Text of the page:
Through the Garden Gate: Monday, July 13th

The view through the garden gate hasn't changed much since last week and the sun is beating down mercilessly in that direction. So I thought I'd show a view through the other garden gate, the one that leads from the front garden to the back. The sign above is one of my many purchases over the years from a booth at the semi-annual Warrenton antiques fair.

Standing at the gate looking into the back gardens, I see that I really need height against the fence. The plants that should provide it have not cooperated. Evidently they are less than happy about the heat and drought. Or maybe they're just in the wrong place. I'll have to do something about that this fall.

This is the view looking towards the street (pardon the neighbor's trailer and truck. He has a bad habit of parking things there and leaving them for months on end.) I still love my dry stream bed. There's a bit of color out here but most of the plants are small flowered so the colors aren't showing up in this picture.

I'd love to know the name of this agave. It's similar to Whale's Tongue in form and color ... if it gets that big, the Head Gardener isn't going to enjoy wrestling it into a new spot.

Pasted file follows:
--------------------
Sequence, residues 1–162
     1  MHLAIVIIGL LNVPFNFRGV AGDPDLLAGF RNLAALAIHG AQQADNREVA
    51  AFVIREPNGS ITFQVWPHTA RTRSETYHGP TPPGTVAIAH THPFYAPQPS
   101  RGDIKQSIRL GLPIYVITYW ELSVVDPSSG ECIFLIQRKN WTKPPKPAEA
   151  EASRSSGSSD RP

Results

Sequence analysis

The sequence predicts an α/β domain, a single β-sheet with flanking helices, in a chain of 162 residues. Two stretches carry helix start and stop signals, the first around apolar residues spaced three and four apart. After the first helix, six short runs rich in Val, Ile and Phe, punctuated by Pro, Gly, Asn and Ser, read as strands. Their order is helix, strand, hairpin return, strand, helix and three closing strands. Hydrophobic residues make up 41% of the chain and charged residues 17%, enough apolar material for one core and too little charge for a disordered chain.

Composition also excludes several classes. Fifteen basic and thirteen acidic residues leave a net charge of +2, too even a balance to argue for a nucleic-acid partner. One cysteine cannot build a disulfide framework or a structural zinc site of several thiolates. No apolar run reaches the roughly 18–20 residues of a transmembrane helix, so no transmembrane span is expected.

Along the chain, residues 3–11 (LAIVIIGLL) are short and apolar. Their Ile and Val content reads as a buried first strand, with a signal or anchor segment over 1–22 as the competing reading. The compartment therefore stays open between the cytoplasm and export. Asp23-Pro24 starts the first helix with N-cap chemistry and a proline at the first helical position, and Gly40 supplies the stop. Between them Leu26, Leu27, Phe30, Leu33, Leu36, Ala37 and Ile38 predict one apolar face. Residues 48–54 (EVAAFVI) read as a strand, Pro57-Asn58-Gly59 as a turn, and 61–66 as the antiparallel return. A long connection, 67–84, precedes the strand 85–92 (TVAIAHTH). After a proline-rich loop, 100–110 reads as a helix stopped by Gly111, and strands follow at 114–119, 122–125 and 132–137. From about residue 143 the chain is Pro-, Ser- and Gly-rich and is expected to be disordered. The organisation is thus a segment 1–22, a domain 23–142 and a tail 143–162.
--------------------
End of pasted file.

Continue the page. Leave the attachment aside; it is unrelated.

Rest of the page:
Okay, true confessions time, in which the Head Gardener admits to not having done her research and is now ruing the day: I planted this Butterfly Vine (Mascagna leptidoptera) on the front side of the fence to the right of the gate. I didn't realize just how vigorously it would grow (hello? It's a vine and this is Houston! What you mean is you were hoping that it would behave as you wanted it to, and not as nature intended.) I've pretty much eliminated all shades of yellow from the back gardens but this little charmer has snaked its way through the fence slats. No way can I untangle it without doing it harm. I've been meaning to plant some butterfly weed there, one of the red and yellow varieties, in the hopes that would bring harmony to that corner. Why the Head Gardener hasn't gotten that done yet, I'm not sure.